‘Partnership’ in the business context is a strategy for using collaborative working relationships between people and groups of individuals, to assist in achieving the organisation’s vision and business objectives.


What is a strategy?

A strategy is about identifying the direction in which to go.  Strategies work best when they are aligned with the visions and goals of the organisation. A strategy is a plan or route-map of interlinked actions designed to achieve a particular objective or goal, headed in a specific direction. Gary Hamel, a strategy guru, states “Strategy comes from viewing the world in different ways. Strategy starts with an ability to think in new and unconventional ways”.

A partnership brings together people with organisational capabilities and resources in the form of skills, expertise, collaborative behaviours and attitudes, experience and innovative ideas to tackle common problems and shared visions for the future.

In these, a successful way forward is often beyond the capacity of a single person, a single group or a single organisation.  Partnerships are created and forged for joint problem solving, resources exchange, coordination and coalition building. The relationships can be temporary or permanent. It is now recognised that collaborative business partnerships can bring outstanding results in the progression of organisations.

A fulcrum of the partnership relationship is the question; “What can we do together that neither of us can do singularly?”

“A powerful partnership is created when there is chemistry, lots at stake in shared goals, regular interaction and disciplined intensity” says Robert Hargrove in “Powerful Coaching”

The principles of partnership include –

  1. Mutuality – the partnership relations are open to dialogue and exchange views. Respect is of the utmost importance
  2. Solidarity – meaning sensitivity and commitment to the problems, efforts and constraints of the other partners. It implies a readiness and willingness to respond appropriately to varied needs. If one or more partners are only ‘doing the job’ without commitment, it will be difficult to tackle the root issues or problems. Solidarity means response to real needs and constraints based upon respect and equality in the partner relationships.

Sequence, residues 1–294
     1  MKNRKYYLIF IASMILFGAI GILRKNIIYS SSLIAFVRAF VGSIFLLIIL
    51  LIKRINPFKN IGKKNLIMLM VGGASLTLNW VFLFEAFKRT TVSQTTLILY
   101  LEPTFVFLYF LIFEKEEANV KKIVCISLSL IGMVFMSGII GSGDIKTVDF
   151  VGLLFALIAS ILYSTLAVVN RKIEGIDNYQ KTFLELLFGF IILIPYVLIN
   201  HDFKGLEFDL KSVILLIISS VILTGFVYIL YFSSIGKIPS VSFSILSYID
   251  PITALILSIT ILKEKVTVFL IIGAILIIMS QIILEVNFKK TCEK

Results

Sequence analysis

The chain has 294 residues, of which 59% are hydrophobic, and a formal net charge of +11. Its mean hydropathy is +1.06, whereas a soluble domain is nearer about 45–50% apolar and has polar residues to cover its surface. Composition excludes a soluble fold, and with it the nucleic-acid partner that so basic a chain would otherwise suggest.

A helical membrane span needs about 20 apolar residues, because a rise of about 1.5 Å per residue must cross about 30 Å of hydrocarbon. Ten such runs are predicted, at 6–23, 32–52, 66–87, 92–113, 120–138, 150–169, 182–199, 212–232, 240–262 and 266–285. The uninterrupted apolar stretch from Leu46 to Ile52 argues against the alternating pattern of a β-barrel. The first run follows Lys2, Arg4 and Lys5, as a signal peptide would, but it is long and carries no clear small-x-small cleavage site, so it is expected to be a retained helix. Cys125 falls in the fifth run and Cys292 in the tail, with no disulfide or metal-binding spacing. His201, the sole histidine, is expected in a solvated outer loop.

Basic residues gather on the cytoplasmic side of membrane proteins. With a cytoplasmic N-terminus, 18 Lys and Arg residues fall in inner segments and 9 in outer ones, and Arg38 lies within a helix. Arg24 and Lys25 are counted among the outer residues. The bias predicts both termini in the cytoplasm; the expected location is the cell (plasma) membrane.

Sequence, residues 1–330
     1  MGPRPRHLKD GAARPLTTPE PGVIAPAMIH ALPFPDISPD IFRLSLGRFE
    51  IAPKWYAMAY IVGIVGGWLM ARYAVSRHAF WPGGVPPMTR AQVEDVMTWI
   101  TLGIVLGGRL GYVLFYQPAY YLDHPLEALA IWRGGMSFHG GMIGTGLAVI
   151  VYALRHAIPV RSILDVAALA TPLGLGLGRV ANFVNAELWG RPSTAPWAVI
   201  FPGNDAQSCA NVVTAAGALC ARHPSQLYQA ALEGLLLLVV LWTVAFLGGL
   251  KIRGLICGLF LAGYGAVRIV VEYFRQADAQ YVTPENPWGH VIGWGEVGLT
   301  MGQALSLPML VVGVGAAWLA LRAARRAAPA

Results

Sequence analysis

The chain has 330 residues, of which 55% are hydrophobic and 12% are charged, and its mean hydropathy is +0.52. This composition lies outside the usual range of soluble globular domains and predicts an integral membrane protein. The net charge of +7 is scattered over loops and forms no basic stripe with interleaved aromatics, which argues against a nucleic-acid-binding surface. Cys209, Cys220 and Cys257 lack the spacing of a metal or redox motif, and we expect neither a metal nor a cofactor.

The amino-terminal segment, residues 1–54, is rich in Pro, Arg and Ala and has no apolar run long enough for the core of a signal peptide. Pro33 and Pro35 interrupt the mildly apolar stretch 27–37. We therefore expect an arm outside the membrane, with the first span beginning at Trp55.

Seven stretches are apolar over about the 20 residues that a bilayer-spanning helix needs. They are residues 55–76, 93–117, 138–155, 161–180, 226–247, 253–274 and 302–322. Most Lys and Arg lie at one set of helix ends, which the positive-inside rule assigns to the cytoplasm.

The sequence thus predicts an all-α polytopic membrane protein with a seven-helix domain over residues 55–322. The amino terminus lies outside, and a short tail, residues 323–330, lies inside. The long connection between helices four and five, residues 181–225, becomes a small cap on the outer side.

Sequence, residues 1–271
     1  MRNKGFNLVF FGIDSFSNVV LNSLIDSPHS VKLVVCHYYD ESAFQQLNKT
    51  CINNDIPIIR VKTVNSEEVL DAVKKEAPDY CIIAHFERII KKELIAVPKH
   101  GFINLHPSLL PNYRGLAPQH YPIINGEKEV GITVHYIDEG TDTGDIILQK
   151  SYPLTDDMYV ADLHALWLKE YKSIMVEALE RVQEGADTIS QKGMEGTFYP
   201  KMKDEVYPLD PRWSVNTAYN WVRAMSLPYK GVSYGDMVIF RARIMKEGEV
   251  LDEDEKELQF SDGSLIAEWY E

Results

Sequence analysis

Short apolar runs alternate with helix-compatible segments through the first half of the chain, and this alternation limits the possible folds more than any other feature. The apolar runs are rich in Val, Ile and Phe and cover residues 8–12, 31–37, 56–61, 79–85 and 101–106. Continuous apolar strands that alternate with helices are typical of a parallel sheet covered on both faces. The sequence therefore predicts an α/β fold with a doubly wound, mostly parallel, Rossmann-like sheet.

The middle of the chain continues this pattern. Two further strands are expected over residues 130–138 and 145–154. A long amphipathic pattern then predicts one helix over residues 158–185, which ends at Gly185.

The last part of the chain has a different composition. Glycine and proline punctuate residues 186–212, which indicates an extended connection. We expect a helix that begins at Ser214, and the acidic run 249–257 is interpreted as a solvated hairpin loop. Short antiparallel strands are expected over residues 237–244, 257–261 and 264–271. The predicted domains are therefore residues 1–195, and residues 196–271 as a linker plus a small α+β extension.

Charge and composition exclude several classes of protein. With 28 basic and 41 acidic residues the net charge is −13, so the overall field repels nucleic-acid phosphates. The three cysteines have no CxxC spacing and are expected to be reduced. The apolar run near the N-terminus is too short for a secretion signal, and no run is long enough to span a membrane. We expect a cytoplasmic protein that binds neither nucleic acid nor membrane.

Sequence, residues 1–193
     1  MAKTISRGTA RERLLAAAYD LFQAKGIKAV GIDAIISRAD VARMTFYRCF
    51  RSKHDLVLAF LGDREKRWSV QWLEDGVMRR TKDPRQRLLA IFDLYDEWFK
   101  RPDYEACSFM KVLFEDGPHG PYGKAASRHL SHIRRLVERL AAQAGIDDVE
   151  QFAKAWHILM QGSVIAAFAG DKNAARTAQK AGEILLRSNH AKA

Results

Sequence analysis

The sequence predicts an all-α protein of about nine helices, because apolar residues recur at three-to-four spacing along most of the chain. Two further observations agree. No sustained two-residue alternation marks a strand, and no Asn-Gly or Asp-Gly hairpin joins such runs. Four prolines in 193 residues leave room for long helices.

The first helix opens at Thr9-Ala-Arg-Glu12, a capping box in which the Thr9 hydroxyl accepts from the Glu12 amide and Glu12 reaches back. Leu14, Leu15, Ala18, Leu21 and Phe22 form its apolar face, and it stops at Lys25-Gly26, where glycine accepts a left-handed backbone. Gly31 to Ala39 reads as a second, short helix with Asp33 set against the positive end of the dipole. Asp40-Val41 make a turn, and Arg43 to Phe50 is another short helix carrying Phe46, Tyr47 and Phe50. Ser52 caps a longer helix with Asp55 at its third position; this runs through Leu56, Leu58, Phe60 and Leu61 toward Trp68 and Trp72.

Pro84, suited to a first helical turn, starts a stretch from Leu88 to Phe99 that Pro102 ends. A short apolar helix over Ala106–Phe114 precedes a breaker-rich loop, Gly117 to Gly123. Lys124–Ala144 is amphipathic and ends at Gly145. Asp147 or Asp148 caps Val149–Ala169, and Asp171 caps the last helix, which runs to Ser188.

3. Trust – trust, reliability and dependability are three prime partnership elements because partnerships often cross many boundaries – interpersonal, inter-group or inter-department, cross cultural – mostly at the same time. Relationships are open to the risk of misunderstanding and there is a need for honesty and a clear expression of interest and aspiration on both sides.
  4. Accountability – any partnership involves rights and obligations. Challenges occur when one partner has the resources and the other has to ask for them, or one has the power to decide who gets funds and how much, and the other is accountable for their use.
  5. Shared purpose – without an agreed purpose, neither partnerships or strategy can lead to the successful accomplishment of even the first step, of setting the vision, goals or objectives. So, defining and agreeing the shared purpose is the first thing that must be accomplished in the partnership, for all else to flow. Without all parties participating in its formation, or at least strongly agreeing to it, once formed, there will not a coherence of will and action to move forward to the action points of the strategy and to fulfilling the aims of the partnership.

Care to try it?


William Wallace

5 October 2018